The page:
Summary and Analysis Act II: Scene 1



The action shifts back to Baptista Minola and his daughters. Katherine enters, dragging her sister behind her, and proceeds to question Bianca about which man she loves. Bianca, a bit frightened by her sister's actions, offers to give Kate whichever man she wants. Their father enters and tries to placate the fighting sisters. He chastises Kate cruelly and rescues Bianca, wondering why he is plagued by such an unruly daughter.

Gremio, Lucentio (disguised), Petruchio, Hortensio (disguised), Tranio (disguised), and Biondello enter. Petruchio announces his intent to court Kate and presents Hortensio (disguised as Litio) as a music tutor to the two women. Seeing Baptista's easy acceptance of Litio's services, Gremio quickly advances his man, Cambio (the disguised Lucentio), as a scholar for Baptista's daughters. He, too, is welcomed into the house. Tranio announces himself as a suitor for Bianca; then the two tutors are taken inside to begin their work.

Petruchio claims he is ready to draw up the marriage contract, but Baptista insists he must first get Kate's love. As Petruchio and Baptista discuss the likelihood of Petruchio's wooing successfully, Hortensio re-enters with his lute hanging around his head, courtesy of Kate. When Petruchio and Kate are finally left alone, Petruchio insists Kate is the most demure, lovely woman on earth, but she is not drawn in by his rhetoric. They banter and exchange quips until Kate, having had enough, hits Petruchio. He does not strike her back but threatens he will do so, if need be. Petruchio remains undaunted in his quest for a wealthy wife, though, and vows to marry her despite her obvious objections.

When the men return to check on Petruchio's progress, he announces the wedding will be on Sunday. Kate raises her voice in protest, which leads Petruchio to make up a story about how in private Kate is coy and gentle but they have come to an agreement that "she shall be curst in company" (303). Baptista agrees to the match and Petruchio exits.

Baptista then turns his attention to Bianca's suitors. Gremio and Tranio vie for her by outlining for Baptista all they can offer her. Whatever Gremio offers, Tranio offers more, until Baptista has no choice but to accept Tranio's dower, provided he can provide proof that he does, in fact, possess the riches he claims. Tranio now realizes that he must get someone to impersonate Vincentio, Lucentio's father, in order to continue the masquerade and win Bianca for his master.


Act II, Scene 1 is the longest scene in all of The Taming of the Shrew. In fact, it comprises the entire act. It is, as its size alone would dictate, an important scene and does much to advance both the story's action and the characterizations of the principle players. In it both daughters are betrothed (although not yet wed), and the primary disguises are set in place.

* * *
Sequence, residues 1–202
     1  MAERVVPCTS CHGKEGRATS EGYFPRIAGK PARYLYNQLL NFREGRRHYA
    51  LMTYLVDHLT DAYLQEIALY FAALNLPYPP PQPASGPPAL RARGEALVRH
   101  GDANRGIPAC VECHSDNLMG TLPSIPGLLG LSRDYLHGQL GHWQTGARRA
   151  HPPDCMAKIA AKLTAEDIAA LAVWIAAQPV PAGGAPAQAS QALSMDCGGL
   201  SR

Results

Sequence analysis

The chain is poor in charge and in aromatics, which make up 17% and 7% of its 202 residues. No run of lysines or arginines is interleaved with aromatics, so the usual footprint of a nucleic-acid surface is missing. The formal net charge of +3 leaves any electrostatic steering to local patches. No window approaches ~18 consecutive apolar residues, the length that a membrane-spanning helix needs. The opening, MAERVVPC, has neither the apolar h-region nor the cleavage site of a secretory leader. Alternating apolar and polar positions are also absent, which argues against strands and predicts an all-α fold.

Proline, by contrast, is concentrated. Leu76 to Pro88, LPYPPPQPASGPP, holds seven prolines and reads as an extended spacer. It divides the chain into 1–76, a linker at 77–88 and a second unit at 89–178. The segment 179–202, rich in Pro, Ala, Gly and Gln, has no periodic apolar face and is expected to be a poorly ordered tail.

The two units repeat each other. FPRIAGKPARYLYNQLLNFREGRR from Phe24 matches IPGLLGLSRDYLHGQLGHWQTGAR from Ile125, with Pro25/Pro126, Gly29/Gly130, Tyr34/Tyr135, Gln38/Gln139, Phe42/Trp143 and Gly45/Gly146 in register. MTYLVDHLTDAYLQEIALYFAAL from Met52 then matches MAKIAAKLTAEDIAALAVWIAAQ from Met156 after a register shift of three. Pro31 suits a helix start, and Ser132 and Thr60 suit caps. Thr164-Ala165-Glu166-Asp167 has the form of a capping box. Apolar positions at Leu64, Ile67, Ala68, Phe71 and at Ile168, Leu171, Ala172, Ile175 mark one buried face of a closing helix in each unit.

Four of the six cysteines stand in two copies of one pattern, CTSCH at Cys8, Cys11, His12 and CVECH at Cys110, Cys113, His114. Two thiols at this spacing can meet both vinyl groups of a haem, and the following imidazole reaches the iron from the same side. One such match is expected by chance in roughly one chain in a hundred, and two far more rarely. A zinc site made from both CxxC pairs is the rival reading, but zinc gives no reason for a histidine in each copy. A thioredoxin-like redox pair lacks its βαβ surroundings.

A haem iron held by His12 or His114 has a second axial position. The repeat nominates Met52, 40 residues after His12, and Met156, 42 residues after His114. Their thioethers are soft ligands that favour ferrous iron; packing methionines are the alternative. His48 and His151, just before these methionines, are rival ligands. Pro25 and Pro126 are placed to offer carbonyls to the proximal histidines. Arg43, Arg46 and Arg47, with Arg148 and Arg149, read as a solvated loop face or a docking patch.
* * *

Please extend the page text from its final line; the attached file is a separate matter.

The first person we learn more of is Kate. In fact, this is our first real opportunity to see her for ourselves, and, once we are able to judge for ourselves, we see that, although she may behave rudely, even viciously at places, there is an obvious reason for her behavior. Her confrontation with Bianca in the scene's opening lines makes clear two important elements of her character. First, we see that Kate does, quite likely, want to be wed. Her attack on Bianca is essentially precipitated because Bianca has an abundance of suitors while Kate has none. Compounded on top of this is Baptista's clear preference for Bianca. He calls Kate a "hilding of a devilish spirit" (26) and wonders what he has ever done to be "thus grieved as I" (37). Is it any wonder Kate rebels against her father? Together they seem to be caught in an endless cycle of dysfunction; the more he favors Bianca, the more Kate acts defiantly, causing him to favor Bianca. Kate even goes so far as to call her father on his favoritism (31-36) and seethingly waits until she can "find occasion of revenge" (36).

Kate and Petruchio's private exchange also gives us a clearer indication of what each of these characters is like. Katherine, to be sure, has never met up with a man like Petruchio before. She insults him, and he speaks sweetly. She goads him, and he offers clever replies. She belittles him, and still she is treated with patience and kind words (granted, they are occasionally delivered a bit sarcastically). Kate is used to throwing a tantrum and either being punished and spoken harshly to, or getting her own way. How unusual that someone would treat her differently. It is only when she strikes Petruchio that she is able to vary his response. He does not strike out at her but warns if she hits him again he will strike back. Apparently the warning is enough, for she does not resort to physical violence again in this scene.